Originally, this posting was to serve as a book review of John Daly’s autobiography “My Life In and Out of the Rough: The Truth Behind All that Bull**** You Think You Know About Me” but, truly there are few redeeming qualities to this bestseller. It is the same read as Priscilla Presley’s “Elvis & Me.” I am no speed reader, but for some reason that book captivated my imagination for a fortnight—kidding—rather in just a few hours. I devoured it cover to cover; I enjoyed reading such an intimate portrait of “The King.” Elvis was larger than life—literally and figuratively, and somehow, someway, so is John Daly.
The book is more about his life “in the rough,” than out of it. The New York Times said “Daly’s book is a chart of celebration and self-destruction and selfishness…” He made claims to his assorted addictions—alcohol, gambling, chocolate and sex. (Do you know how much chocolate one has to eat to be addicted to it?) Thanks to Tiger’s recent” transgressions” we know the image of golf as a “gentleman’s game” is a façade.Yet, his tales about how he came to play in his first PGA tour event and winning the British Open in a play-off on the Old Course at St. Andrews hold their own weight. Minus the way most golf stories include one to two parts addiction, their entertainment value is high and the reader can’t help but understand why the crowd loves “Big John.”
Daly wrote this book in 2006, shortly after his 40th birthday. Today, his name reappears every so often on the tour and my guess is he is still battling the same demons. But, as he so candidly reports “I’m lucky: I was born with a special talent for hitting a little white ball and making people happy. I’m really and truly optimistic: I think I’m going to do even better on the back nine.”
The Back Nine...for John Daly I’m sure he is referring to his next 40 years. For others, the back nine is a analogous to a watershed moment and for me, it is my life before I was diagnosed with my heart condition, ARVD. I am coming to terms with the reality that my life is going to be much different. The type and amount of physical activity and exercise I can now do, is limited and needs to be monitored. However, I am grateful to be in the game; it could have been a nine-hole course. As I have been learning more about my health, I know there are courses that are much more challenging out there. Some have longer greens, others face more wind or adverse weather conditions. For example, I think of a young, beautiful Haitian professional dancer named Fabienne Jean. The TODAY show gave a report on July 12, six months after the earthquake in Haiti took lives and livelihoods of tens of thousands of people And, it took the soul of Fabienne when, she lost her leg. It was heart wrenching to see a once graceful fluid dancer, now an amputee just sitting day in and day out, on a plastic chair, along the roadside in her village. It looked as though she were waiting for someone or something, but considering the dire needs of so many people in her country, I could not imagine what. I thought about her “back nine” and could only see bunkers, bogeys…a whole lot of rough.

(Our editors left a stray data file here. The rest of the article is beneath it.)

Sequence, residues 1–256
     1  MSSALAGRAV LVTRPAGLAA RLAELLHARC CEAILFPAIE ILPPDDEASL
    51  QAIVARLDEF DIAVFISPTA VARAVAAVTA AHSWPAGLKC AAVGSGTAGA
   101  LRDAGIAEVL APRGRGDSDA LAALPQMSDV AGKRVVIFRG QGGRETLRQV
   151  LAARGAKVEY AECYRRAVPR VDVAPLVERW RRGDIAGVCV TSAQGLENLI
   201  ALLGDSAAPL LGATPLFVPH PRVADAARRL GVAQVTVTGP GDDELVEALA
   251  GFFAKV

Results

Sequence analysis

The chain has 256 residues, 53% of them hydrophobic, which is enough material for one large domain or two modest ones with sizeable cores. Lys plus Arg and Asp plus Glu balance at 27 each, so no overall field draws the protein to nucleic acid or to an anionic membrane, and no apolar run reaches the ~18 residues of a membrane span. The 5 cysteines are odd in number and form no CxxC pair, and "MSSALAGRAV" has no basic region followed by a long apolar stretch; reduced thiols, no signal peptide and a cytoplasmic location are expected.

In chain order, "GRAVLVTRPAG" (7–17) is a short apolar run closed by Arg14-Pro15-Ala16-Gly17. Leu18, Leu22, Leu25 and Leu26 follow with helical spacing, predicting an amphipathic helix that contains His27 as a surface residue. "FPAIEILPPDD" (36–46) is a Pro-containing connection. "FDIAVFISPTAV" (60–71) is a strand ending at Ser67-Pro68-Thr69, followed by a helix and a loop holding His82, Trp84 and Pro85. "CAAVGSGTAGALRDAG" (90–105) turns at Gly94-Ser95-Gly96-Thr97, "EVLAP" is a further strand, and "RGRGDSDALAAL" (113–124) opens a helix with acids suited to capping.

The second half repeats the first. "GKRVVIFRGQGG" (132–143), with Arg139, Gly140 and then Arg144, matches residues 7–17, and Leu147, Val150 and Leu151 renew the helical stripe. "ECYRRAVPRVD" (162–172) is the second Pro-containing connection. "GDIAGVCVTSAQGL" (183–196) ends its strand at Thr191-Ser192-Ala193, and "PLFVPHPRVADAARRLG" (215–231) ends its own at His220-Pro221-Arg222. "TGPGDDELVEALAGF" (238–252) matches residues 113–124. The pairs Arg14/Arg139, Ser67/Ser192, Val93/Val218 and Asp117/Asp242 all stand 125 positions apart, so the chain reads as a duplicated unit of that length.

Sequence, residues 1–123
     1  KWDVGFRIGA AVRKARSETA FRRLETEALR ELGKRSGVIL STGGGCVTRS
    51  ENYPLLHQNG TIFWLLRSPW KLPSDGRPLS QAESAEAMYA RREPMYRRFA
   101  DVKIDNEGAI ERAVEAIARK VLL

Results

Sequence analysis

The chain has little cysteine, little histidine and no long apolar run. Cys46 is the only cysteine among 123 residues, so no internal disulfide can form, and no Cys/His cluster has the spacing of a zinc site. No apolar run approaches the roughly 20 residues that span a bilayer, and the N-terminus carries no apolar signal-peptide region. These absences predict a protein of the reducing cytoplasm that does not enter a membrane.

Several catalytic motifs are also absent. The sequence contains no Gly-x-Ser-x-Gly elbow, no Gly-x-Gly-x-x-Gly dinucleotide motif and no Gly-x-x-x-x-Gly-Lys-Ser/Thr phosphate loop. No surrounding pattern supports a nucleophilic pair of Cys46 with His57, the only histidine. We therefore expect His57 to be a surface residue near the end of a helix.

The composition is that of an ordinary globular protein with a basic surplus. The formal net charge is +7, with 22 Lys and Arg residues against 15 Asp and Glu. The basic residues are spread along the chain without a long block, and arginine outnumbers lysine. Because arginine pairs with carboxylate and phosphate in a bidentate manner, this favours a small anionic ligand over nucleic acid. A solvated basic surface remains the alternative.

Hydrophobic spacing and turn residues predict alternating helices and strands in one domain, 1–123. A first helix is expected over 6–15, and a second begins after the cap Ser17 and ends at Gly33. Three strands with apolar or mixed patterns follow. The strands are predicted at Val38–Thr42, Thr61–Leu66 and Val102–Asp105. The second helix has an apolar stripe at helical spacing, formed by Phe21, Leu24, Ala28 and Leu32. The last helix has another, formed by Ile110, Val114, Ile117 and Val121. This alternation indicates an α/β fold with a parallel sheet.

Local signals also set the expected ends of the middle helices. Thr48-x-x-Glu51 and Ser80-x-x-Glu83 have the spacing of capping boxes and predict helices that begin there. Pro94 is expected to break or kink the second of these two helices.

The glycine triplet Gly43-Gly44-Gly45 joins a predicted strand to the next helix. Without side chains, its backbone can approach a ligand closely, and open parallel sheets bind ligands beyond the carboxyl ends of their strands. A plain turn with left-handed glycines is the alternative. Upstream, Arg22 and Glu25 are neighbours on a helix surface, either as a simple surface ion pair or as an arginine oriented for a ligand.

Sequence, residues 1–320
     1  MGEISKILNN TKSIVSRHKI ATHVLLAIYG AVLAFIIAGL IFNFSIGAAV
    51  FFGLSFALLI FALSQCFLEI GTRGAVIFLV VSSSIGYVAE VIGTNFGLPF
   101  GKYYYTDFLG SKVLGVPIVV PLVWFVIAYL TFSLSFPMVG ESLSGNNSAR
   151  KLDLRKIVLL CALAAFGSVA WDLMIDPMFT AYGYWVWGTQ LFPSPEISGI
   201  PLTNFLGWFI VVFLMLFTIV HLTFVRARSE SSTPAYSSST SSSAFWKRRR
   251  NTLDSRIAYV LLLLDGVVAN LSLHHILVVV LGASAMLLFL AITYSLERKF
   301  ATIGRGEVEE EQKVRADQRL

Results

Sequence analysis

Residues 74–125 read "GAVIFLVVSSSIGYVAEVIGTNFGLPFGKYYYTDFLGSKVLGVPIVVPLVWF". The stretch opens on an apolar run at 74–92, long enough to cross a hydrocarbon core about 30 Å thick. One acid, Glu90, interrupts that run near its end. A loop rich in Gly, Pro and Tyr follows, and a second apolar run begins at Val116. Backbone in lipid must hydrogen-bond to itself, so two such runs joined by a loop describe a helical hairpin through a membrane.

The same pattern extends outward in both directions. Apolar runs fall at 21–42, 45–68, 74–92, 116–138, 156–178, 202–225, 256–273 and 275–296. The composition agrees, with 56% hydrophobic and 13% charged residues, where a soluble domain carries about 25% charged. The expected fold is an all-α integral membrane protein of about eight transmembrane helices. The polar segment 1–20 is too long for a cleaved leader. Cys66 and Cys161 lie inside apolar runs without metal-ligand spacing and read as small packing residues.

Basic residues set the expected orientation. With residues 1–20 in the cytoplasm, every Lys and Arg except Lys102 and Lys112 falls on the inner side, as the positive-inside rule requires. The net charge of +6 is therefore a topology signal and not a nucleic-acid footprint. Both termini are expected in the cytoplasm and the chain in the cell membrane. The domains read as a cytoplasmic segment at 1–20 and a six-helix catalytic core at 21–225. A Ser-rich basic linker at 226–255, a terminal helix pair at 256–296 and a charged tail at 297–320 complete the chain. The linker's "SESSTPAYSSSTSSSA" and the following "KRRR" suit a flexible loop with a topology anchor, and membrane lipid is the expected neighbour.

But “the Lord hears the cry of the poor. Blest be the Lord.” Fabienne reveals the truth in Psalm 34 as a company from the United States delivered and fit hundreds of men, women and children with prosthesis. It was and honor and a privilege to see this woman liberated with a prosthetic, to see her spirit come alive once again and to witness her total freedom as she expressed herself through dance. She may dance differently, but she dances again. I can’t wait to see what she does in the back nine.
As John struggled and battled on his front nine, I wished he had a strong faith in God to lead and guide him. He admits “I’m not a real religious person. My relationship with God is personal. But I think I was put here on earth for a purpose, and that purpose has to do with helping people. Everybody’s always asking me how come people love you so much? Is it because you hit a golf ball a long way? I don’t think so. Maybe at first, but shit, there are a lot of guys out there now who hit the ball just as far as I do. I think people love me because they know—they feel—that I love them. And I do."
As nonredeemable as John Daly’s story may be, it’s true. He loves people and the fans love him. I hope he will let these words guide his back nine. We’ll be there giving him high fives and chanting “Champions Come from the Heart.” At least I will….
Classic British Open